Deng-Fu Guo, Ronald A. Merrill, Lan Qian, Ying Hsu, ... Kamal Rahmouni
The essential role of mitochondria in regulation of metabolic function and other physiological processes has garnered enormous interest in understanding the mechanisms controlling the function of this organelle. We assessed the role of the BBSome, a protein complex composed of eight Bardet-Biedl syndrome (BBS) proteins, in the control of mitochondria dynamic and function.
We used a multidisciplinary approach that include CRISPR/Cas9 technology-mediated generation of a stable Bbs1 gene knockout hypothalamic N39 neuronal cell line. We also analyzed the phenotype of BBSome deficient mice in presence or absence of the gene encoding A-kinase anchoring protein 1 (AKAP1).
Our data show that the BBSome play an important role in the regulation of mitochondria dynamics and function. Disruption of the BBSome cause mitochondria hyperfusion in cell lines, fibroblasts derived from patients as well as in hypothalamic neurons and brown adipocytes of mice. The morphological changes in mitochondria translate into functional abnormalities as indicated by the reduced oxygen consumption rate and altered mitochondrial distribution and calcium handling. Mechanistically, we demonstrate that the BBSome modulates the activity of dynamin-like protein 1 (DRP1), a key regulator of mitochondrial fission, by regulating its phosphorylation and translocation to the mitochondria. Notably, rescuing the decrease in DRP1 activity through deletion of one copy of the gene encoding AKAP1 was effective to normalize the defects in mitochondrial morphology and activity induced by BBSome deficiency. Importantly, this was associated with improvement in several of the phenotypes caused by loss of the BBSome such as the neuroanatomical abnormalities, metabolic alterations and obesity highlighting the importance of mitochondria defects in the pathophysiology of BBS.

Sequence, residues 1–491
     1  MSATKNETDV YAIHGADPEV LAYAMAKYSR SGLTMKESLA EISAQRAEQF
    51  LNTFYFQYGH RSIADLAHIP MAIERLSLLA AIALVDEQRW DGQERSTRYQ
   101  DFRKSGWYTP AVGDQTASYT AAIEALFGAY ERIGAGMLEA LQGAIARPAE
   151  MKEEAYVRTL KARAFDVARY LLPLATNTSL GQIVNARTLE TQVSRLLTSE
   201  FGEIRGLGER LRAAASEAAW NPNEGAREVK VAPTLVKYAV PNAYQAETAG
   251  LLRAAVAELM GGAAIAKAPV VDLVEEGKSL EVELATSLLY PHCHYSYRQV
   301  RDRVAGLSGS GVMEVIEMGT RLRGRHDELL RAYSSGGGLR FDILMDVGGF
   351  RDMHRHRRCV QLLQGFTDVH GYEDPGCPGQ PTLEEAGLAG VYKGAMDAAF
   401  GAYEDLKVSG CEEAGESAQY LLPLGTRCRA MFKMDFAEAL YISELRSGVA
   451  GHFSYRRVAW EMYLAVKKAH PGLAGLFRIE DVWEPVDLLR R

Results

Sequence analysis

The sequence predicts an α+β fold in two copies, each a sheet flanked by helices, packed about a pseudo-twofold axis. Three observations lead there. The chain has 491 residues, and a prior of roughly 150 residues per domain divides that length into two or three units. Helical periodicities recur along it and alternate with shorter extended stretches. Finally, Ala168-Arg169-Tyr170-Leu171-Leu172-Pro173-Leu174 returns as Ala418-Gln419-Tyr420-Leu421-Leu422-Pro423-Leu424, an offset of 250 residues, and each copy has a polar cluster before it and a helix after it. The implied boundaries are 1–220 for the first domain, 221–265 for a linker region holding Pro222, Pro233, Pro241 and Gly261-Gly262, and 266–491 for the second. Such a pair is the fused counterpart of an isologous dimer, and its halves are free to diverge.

These findings demonstrate a critical role of the BBSome in the modulation of mitochondria function and point to mitochondrial defects as a key disease mechanism in BBS.